Convective Outlook: Sat 18 Sep 2021
What do these risk levels mean?
Convective Outlook

VALID 06:00 UTC Sat 18 Sep 2021 - 05:59 UTC Sun 19 Sep 2021

ISSUED 06:56 UTC Sat 18 Sep 2021


A cut-off upper low will be located over Biscay on Saturday, with an upper ridge broadly covering England and Wales. This will tend to retreat to the North Sea as an extending upper trough arrives from the Atlantic during the overnight period. An old frontal boundary will straddle E Scotland - NW England - Wales - SW England during Saturday daytime, providing the focus for thicker cloud and some patchy, showery rain at times. Near and to the east of this boundary, a rather humid airmass will cover much of England and Wales with dewpoints 14-16C and diurnal heating will yield a couple hundred J/kg CAPE. It seems plausible that a few heavy showers will develop, especially from mid-afternoon and continuing through the evening hours, across parts of Cen S / SW England, Wales, the Midlands and into N England (perhaps also as far east as the northern Home Counties). Forecast profiles are not overly-impressive, with warming aloft restricting the depth of convection, and generally weak flow through the cloud-bearing layer. It is not out of the question that one or two showers may be able to grow tall enough to produce a few lightning strikes, but the vast majority of showers will tend to be stunted in depth and so overall the lightning risk in any one location is relatively low.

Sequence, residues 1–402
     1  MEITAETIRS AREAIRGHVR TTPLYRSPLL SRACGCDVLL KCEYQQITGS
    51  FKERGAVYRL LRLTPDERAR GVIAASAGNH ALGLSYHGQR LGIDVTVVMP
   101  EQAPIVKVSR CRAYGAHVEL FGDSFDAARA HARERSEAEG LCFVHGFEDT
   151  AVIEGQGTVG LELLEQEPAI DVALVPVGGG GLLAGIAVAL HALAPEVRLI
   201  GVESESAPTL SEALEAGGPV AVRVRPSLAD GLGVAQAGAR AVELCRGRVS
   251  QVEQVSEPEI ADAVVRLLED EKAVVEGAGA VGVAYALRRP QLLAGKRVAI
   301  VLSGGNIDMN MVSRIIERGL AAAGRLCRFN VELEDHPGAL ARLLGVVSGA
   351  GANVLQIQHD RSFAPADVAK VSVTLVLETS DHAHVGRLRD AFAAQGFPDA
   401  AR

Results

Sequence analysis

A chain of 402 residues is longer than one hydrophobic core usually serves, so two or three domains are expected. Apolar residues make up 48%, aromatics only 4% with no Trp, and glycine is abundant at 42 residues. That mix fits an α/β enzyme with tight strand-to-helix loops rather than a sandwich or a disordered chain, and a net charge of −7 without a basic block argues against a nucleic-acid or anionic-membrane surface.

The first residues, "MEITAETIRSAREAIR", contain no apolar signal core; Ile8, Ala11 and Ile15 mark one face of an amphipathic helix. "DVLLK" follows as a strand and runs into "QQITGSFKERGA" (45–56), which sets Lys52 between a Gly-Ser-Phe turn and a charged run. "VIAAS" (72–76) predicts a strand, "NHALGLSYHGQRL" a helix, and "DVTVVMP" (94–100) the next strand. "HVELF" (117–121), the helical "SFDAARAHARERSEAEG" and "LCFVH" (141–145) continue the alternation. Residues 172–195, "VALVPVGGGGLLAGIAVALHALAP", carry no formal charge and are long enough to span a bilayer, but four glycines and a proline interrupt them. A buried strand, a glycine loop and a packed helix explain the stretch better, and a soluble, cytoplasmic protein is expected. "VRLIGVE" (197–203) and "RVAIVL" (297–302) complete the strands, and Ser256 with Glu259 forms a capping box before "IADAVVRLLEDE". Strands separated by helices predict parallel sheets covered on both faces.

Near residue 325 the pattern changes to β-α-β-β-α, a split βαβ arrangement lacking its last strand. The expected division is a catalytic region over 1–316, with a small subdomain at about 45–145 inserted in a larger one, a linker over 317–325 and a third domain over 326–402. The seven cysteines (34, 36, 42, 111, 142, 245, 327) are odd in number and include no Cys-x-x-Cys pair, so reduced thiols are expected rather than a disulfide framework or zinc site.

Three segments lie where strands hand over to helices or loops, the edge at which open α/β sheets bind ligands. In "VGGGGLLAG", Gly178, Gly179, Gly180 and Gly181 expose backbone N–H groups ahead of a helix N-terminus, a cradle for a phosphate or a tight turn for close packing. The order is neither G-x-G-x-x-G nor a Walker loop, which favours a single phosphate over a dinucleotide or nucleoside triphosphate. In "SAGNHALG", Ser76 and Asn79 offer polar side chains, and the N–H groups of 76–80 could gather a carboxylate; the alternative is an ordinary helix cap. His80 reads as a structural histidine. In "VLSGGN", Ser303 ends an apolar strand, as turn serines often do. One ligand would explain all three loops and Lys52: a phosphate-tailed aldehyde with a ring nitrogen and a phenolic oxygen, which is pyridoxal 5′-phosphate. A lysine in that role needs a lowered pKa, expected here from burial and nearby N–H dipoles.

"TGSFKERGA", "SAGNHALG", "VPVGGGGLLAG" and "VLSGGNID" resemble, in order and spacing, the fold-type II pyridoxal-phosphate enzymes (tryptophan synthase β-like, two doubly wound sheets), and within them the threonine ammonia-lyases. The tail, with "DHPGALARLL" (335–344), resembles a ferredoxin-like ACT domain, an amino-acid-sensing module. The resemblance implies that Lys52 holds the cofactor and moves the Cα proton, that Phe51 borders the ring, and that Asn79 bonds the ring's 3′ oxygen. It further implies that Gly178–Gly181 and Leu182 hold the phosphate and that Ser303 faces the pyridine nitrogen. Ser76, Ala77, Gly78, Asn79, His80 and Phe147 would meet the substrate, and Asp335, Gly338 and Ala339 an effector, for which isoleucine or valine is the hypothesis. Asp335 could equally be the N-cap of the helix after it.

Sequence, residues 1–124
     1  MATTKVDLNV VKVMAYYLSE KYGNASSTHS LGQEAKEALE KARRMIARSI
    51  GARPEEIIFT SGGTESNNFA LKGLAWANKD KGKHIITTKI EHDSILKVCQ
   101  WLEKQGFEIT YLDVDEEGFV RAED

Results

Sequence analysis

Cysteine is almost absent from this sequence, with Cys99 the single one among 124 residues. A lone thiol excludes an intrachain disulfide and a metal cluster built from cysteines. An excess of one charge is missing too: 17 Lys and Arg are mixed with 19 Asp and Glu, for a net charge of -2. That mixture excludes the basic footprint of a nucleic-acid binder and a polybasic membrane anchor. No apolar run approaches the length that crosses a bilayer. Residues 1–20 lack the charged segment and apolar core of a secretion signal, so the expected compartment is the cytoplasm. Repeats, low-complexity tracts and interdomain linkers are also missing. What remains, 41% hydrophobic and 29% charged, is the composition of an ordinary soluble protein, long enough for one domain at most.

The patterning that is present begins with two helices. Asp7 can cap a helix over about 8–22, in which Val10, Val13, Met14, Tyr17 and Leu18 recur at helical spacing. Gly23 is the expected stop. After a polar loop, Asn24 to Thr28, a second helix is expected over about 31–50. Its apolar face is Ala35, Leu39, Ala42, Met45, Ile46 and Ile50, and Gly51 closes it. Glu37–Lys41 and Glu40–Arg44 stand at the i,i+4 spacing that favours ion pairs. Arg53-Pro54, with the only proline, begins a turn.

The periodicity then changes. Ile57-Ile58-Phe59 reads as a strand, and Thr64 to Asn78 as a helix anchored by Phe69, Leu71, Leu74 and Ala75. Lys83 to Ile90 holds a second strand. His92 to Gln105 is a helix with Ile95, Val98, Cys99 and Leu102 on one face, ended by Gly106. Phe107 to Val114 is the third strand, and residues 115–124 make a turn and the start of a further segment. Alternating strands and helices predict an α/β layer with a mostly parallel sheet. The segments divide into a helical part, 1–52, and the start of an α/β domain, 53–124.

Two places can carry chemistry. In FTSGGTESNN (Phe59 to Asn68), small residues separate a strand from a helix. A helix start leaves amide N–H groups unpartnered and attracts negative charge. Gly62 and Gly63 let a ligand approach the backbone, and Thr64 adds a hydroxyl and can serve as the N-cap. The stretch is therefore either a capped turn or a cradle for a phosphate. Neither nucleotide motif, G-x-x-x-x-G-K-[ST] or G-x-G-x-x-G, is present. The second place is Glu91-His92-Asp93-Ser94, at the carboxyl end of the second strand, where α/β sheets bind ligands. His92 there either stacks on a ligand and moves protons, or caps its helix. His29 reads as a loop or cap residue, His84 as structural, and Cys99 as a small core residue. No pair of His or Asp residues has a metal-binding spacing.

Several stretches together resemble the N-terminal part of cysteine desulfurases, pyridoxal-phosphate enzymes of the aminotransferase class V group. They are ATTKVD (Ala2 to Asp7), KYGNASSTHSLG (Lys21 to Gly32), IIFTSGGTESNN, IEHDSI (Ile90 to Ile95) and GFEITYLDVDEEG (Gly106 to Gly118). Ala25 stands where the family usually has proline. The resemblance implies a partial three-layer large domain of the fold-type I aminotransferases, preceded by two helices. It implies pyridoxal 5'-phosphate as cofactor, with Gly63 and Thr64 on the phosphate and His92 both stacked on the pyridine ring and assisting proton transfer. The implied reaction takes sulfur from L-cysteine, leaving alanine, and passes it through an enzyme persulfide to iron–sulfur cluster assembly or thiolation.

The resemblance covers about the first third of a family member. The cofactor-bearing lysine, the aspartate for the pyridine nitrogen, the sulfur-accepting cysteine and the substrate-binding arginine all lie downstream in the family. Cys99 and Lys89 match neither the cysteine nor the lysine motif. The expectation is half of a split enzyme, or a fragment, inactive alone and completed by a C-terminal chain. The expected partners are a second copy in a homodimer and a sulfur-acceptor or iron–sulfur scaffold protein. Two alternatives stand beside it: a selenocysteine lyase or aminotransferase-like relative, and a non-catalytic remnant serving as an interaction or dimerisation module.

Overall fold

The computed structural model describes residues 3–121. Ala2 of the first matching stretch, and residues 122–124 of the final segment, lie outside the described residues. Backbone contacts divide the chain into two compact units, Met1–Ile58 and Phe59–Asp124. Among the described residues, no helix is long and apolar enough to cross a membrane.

During the evening and night, showers/rain will tend to grow upscale close to the frontal boundary over Wales, western England and into Scotland, with more organised areas of rain redeveloping and tracking northwards through the night. There could be an isolated lightning strike with this, but the risk again is rather low. Another Atlantic front will also approach western Ireland during the evening hours and could also produce a few isolated lightning strikes, but as the active portion of the upper trough tends to relax away to the northeast the front will tend to weaken through the night as it tracks east across Ireland and into western Scotland. Also, towards the end of the night a few showers could develop close to East Anglia.